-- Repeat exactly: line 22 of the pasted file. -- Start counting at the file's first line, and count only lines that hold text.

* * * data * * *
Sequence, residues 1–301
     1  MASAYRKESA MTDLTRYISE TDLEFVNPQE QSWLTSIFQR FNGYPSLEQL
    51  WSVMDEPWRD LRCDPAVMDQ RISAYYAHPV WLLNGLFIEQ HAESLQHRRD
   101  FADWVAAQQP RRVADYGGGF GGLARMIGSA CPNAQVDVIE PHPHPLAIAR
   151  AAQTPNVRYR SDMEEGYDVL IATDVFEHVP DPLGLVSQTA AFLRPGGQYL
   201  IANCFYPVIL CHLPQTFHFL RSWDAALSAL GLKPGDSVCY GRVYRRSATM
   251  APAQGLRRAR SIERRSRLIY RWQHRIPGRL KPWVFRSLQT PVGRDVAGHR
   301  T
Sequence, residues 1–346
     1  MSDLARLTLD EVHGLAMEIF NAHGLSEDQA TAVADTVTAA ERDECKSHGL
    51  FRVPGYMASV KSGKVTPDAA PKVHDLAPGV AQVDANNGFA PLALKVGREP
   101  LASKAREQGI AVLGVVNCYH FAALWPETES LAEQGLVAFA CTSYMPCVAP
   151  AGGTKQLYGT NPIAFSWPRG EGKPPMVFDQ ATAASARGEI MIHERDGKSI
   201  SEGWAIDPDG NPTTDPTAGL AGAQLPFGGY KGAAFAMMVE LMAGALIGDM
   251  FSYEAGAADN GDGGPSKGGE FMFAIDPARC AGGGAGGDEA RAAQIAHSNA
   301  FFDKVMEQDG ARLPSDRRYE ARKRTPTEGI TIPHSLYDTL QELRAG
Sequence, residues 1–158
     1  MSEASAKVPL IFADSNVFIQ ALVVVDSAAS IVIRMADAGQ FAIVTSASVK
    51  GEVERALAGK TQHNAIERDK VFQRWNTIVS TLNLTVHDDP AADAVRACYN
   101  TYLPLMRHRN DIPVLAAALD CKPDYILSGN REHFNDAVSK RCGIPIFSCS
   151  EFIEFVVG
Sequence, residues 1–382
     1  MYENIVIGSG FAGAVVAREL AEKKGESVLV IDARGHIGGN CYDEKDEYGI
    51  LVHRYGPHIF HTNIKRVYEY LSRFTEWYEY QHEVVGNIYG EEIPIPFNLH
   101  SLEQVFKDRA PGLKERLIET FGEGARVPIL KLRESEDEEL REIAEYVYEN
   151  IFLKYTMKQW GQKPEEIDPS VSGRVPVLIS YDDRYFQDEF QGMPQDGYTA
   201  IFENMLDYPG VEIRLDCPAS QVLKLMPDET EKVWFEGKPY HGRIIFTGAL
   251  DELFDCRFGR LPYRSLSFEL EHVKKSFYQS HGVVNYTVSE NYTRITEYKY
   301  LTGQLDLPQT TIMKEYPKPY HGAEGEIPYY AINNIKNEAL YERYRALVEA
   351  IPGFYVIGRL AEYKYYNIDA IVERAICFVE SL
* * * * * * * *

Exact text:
Sequence, residues 1–382